Although you may not consciously realize it, your knees are some of the most important load-bearing joints in your body. In fact, they are quite special. As an article in the Journal of Engineering in Medicine states, the soft tissues are the primary stabilizing factor, cushioning impact stress from directly affecting the articular surfaces. Unfortunately, these same soft tissues are prone to injury as well as the natural wear and tear that accompanies aging. The result is that knee pain is a common complaint that appears more frequently as a generation ages.
Due to the number of soft tissues and hard surfaces that make up the knee joint, there are a number of potential issues that could lead you to experience discomfort or pain while performing specific activities. According to Medical News Today’s professionally reviewed article, some of the most common causes of knee pain are:
- Damage to the ligaments (ACL or meniscus)
- Tears in the cartilage
- Degenerative Tissue diseases (usually forms of arthritis)
Although the list of potential conditions is rather long, most of these conditions can be directly related to one of three causes: excessive weight gain, sports or occupational injury, and aging. The one major exception is, of course, the development of a tumor, but this is a fairly uncommon cause of knee pain in comparison to the others. Fortunately, in two of these four cases, there are definitive actions you can take to prevent injury and reduce any existing pain.
- Excessive Weight Gain:
One article, published by the scientific journal Arthritis and Rheumatism, estimates that our knees have to absorb an additional 4 pound of pressure for every excess pound of weight we gain. Given that the knee joint already relies on soft tissues for support, most of our bodies are not equipped to deal with excessive weight bearing for a long period of time.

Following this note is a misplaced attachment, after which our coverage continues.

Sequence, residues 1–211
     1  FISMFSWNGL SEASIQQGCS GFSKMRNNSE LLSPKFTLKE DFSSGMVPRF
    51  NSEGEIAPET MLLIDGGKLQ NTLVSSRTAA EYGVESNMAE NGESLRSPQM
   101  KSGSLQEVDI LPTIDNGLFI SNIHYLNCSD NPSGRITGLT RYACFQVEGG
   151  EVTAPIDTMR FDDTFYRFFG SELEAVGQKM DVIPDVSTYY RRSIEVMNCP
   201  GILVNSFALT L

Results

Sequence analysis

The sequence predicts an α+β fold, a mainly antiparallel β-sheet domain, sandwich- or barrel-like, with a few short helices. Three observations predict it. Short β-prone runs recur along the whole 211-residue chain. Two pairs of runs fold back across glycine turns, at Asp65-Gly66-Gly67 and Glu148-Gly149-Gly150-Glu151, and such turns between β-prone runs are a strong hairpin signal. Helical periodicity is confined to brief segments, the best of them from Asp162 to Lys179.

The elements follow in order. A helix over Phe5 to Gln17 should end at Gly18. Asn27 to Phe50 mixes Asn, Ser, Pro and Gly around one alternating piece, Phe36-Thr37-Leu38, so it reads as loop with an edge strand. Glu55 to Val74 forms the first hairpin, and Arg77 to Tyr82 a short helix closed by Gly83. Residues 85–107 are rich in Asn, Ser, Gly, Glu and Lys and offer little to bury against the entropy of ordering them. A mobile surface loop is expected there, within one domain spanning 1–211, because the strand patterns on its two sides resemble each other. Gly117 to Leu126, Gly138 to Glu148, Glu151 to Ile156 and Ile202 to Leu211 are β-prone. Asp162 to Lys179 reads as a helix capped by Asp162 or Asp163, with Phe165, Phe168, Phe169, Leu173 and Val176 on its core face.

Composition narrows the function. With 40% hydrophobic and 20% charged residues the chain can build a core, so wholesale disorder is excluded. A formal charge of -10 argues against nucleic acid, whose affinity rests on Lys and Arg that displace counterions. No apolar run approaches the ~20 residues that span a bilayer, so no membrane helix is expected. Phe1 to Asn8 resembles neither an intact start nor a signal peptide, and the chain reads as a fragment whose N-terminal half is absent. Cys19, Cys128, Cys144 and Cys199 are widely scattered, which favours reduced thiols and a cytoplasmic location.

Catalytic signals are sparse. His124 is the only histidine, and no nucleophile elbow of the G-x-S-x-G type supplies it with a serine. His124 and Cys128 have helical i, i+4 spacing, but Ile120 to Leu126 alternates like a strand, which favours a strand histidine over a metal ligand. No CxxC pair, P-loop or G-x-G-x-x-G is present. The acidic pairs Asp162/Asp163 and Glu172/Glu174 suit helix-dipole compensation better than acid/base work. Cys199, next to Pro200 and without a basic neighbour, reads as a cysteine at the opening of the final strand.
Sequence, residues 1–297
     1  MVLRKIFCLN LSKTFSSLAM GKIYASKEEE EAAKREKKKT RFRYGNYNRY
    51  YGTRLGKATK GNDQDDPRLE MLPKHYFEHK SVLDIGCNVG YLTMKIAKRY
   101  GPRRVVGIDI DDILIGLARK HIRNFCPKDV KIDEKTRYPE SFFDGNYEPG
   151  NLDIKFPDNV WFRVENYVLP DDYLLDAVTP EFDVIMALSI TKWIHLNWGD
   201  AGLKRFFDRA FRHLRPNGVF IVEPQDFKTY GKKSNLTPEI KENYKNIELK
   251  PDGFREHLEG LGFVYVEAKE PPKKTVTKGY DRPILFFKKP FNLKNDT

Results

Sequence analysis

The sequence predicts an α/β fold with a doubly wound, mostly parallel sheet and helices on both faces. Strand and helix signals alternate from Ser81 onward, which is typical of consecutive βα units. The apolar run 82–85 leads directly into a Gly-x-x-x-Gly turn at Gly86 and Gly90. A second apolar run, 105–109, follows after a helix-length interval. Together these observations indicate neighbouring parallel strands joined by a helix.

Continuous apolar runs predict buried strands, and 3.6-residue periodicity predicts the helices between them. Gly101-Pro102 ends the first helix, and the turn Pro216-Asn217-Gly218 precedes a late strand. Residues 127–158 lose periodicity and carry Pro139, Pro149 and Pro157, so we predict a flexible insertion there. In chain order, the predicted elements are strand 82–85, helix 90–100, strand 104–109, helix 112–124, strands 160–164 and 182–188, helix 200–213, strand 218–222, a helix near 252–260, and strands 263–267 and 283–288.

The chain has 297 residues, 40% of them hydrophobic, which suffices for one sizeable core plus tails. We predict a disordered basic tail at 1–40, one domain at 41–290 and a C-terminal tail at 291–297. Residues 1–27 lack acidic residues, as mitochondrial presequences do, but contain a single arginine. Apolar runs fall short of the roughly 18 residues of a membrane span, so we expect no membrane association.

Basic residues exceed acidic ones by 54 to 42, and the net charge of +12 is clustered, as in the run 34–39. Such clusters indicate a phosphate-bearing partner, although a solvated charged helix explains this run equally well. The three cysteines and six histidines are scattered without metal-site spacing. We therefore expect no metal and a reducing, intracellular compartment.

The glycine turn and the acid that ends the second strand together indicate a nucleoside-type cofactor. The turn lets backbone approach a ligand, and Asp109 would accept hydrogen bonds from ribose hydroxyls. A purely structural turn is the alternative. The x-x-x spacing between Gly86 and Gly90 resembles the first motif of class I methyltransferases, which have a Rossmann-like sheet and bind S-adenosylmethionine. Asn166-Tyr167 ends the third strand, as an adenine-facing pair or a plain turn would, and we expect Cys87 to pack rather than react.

The result is that the soft tissues are put under additional strain, opening up the possibility of injury and slowly degrading the integrity of the joint as a whole. Fortunately, losing any excess weight can relieve your joints of the additional pressure, halting developing conditions.
- Sports/Occupational Injury:
If you regularly participate in activities that require rapid directional changes or work in an industry that requires heavy lifting, then you’re probably already aware of your increased risk of knee injury. Fortunately, you can take certain steps to reduce your risk. The Mayo Clinic suggests maintaining an adequate muscle mass and flexibility in the muscle groups that support the structure of the knee.
In addition, high risk groups should repeatedly practice the movements that are most likely to cause ligament damage, perfecting their techniques to reduce risk. Safety gear, proper footwear, and support belts should also be worn when appropriate. Although these actions won’t guarantee that you’ll never injure your knees, they can dramatically decrease the likelihood.
Diagnosis and Treatment
If you are experiencing knee pain or limited range of motion, then My Concierge MD will want to start with a basic physical with particular focus on your knees. The physical typically includes an initial inspection, where your doctor will evaluate the knee for possible swelling or redness, as well as palpation and a range of motion test. The latter portions of the examination are used to locate the precise origin of your pain and evaluate how the injury has affected your ability to bend your knees normally.
From there, you can expect your physician at My Concierge to perform several specialized tests designed to rule out specific conditions before graduating to imaging. Johns Hopkins typically suggests an X-ray, MRI, CT scan, arthroscopy, radionuclide, and/or bone scan depending on your physician’s evaluation of your apparent condition. These imaging tests will be used to definitively diagnose your condition and start an individual treatment plan.